I just had the best conversation with Robotson. I am reading Why Kids Lie: How Parents Can Encourage Truthfulness by Paul Ekman. While my kids do lie, and Robotson has been especially untruthful this past year, the reason I am reading this book is because Paul Ekman was the scientist that Cal Lightman was based on in Lie To Me. I wanted to read all of his books, but could only find two in our library system so I checked out the one above and Telling Lies: Clue to Deceit in the Marketplace, Politics, and Marriage.
The last two chapters in Why Kids Lie were written by Dr. Ekman's wife and at one point she describes a study where they grouped parental discipline into three categories: power assertion (should be obvious), love withdrawal (anger and disappointment but no physical punishment), and induction (calmly explaining consequences of actions on others.) She writes that, "Induction won handily over power assertion and love withdrawal. This means that a child has a better chance of internalizing the lesson and not repeating the behavior. The child who is physically punished for his behavior, or who has love withdrawn, has less chance of incorporating the lesson. The father who explains why missing the curfew worries him has a better chance of inculcating the lesson of responsibility and truth telling than the father who blows up."
I decided to run this idea by Robotson to see what he thought of it. I didn't really expect him to talk much about it since he was in the middle of working on a mashup, but he jumped on it. In fact, I think our conversation was incredibly mature and well-spoken, as if he'd been thinking about it for years. First I asked him which approach he thought would work best and he immediately said that explaining consequences in a calm way was the most effective. He made a point to emphasize calm as the key word. I think B and I do talk a lot about consequences, but I am sure we are rarely very calm. Then I asked him which parents we were and he said I am love withdrawal and B is more power assertion.
Robotson knows I've been reading this book, so I explained that I was wondering, in terms of being more truthful with parents, if the induction method would foster that in him. He said yes. We talked about how a lot of lies are told out of fear of punishment, being yelled at, or sent to his room. But he thinks that if we always approached things calmly that he'd feel less compelled to lie. He said, "I would still feel guilty if you told me calmly that what I did made you feel mad and disappointed, but I wouldn't be afraid." He said he doesn't even really think about telling us a lie, it just comes out when we are really mad at him.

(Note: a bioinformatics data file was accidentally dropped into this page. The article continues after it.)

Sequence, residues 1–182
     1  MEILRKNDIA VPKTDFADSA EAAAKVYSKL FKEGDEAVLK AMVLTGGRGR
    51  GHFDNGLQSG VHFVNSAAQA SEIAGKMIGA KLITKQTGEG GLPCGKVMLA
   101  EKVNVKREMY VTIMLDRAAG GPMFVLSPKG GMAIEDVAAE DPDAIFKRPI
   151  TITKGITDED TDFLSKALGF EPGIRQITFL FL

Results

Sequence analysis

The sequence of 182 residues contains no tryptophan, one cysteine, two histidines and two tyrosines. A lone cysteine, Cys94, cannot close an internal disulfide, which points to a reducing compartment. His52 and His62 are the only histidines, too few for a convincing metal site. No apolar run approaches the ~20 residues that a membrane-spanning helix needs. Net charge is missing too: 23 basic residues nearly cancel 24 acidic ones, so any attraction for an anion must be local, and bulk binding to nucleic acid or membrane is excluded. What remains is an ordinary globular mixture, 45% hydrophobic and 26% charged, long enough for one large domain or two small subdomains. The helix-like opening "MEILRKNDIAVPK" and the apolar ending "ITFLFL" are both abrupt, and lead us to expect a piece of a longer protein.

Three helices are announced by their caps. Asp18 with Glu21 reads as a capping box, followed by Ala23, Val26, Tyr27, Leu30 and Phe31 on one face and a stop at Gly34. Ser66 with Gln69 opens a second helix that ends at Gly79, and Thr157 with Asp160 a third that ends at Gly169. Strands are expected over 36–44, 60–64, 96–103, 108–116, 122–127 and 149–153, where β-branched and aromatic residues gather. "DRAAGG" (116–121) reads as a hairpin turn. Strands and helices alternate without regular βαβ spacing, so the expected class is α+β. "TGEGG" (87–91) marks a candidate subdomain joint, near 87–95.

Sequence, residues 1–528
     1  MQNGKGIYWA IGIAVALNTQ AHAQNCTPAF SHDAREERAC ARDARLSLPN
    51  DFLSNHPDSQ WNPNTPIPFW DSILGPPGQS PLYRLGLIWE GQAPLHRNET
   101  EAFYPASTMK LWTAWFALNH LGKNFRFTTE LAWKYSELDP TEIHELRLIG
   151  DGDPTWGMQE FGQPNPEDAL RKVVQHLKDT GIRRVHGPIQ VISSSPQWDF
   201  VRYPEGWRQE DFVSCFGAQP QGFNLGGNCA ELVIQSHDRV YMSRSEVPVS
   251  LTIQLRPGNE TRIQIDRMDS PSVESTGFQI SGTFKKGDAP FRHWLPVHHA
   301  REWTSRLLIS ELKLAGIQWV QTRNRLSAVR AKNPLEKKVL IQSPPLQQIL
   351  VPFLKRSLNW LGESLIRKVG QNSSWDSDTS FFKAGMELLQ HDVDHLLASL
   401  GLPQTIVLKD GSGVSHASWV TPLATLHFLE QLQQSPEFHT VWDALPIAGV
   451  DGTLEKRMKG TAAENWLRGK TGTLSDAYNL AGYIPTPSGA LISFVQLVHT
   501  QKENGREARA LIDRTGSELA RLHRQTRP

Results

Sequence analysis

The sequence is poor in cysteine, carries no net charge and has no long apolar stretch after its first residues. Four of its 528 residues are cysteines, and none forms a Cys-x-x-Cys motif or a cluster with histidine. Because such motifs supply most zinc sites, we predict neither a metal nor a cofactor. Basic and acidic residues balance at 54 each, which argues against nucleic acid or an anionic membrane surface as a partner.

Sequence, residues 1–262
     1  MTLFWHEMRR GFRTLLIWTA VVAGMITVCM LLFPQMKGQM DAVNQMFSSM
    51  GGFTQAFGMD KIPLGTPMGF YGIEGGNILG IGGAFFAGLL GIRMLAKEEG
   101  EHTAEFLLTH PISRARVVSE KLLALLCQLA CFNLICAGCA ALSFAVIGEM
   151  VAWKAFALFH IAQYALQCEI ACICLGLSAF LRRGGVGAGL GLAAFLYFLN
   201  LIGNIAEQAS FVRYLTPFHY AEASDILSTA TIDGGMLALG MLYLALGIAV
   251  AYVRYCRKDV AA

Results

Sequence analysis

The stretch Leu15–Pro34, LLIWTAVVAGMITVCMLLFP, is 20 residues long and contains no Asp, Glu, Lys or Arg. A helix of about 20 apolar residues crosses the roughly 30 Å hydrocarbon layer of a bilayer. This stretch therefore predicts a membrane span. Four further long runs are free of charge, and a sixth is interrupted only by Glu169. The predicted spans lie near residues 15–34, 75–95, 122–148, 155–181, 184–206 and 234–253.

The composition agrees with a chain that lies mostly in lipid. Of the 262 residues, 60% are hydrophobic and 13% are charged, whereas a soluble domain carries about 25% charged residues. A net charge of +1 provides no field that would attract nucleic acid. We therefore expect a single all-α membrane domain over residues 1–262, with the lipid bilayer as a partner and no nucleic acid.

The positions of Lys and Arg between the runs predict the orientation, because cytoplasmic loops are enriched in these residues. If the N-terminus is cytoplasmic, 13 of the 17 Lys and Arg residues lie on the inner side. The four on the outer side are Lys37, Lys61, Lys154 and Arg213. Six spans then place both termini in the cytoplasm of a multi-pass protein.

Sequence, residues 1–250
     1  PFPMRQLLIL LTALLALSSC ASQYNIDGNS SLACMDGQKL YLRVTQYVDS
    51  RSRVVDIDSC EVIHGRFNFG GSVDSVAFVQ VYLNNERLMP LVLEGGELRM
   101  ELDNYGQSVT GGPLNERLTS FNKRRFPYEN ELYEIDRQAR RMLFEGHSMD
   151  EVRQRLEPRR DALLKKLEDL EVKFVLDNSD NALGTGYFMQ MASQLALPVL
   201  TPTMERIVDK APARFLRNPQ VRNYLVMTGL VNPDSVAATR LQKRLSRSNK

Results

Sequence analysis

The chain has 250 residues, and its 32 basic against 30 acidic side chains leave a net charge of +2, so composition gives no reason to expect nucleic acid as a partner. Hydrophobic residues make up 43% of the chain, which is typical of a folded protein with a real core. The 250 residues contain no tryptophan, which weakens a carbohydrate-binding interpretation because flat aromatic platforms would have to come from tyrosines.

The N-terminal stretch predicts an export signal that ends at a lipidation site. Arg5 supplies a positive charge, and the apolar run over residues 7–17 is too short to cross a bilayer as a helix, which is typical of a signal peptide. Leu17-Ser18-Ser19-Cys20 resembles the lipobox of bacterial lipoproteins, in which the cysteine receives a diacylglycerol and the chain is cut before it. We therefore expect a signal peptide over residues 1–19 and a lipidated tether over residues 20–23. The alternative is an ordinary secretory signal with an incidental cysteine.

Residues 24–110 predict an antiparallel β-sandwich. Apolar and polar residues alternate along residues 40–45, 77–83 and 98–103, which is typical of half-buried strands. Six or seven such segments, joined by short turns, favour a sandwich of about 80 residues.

Then we talked a little bit about trust. I explained that it's hard to trust someone who isn't honest. He said it's hard to care about that when you think you are going to get into trouble. I can certainly see his point. I think it goes back to choosing your battles. I know I overreact to minor offenses because they pile up day after day. If I spent more time calmly explaining after the little stuff, then when something major happens that I really do need to correct immediately, he can see the difference in my approach. Right now everything probably sounds the same and probably all gets filtered into the "avoid punishment at any cost" response.
Then I turned the tables and asked him about his own responses to similar situations, for example if one of the girls does something and he confronts them. He was able to see how he was more of a power assertion type and that he would like to change that. He suggested we try to remind each other when we are not taking a calm approach. I think this is a great idea! The key for both of us would be to listen and some of that has to do with how it is approached. In the past I have been known to tell Robotson to calm down in a very agitated and commanding way. I can see how this is probably not going to get me very far, or inspire me to calm down coming from an 11 year old who may have done something to cause me to be angry in the first place.
So overall, I am really enjoying the book. It's a bit dated and there is more research out now about children, and lying in general. One of the most interesting ideas is that liars have more connections in their brains. They are able to connect ideas that don't normally go together or are even based in reality. If you think of that in terms of little kids who are forming new connections at amazing rates, it could be a very normal part of brain development that shouldn't be punished. Instead, we should start the conversations about how honesty is important and how it differs from storytelling. This plus being calm when we are confronted with a lie would probably go a long way in raising truthful kids. At least that's what Robotson and I came up with when we talked about it tonight.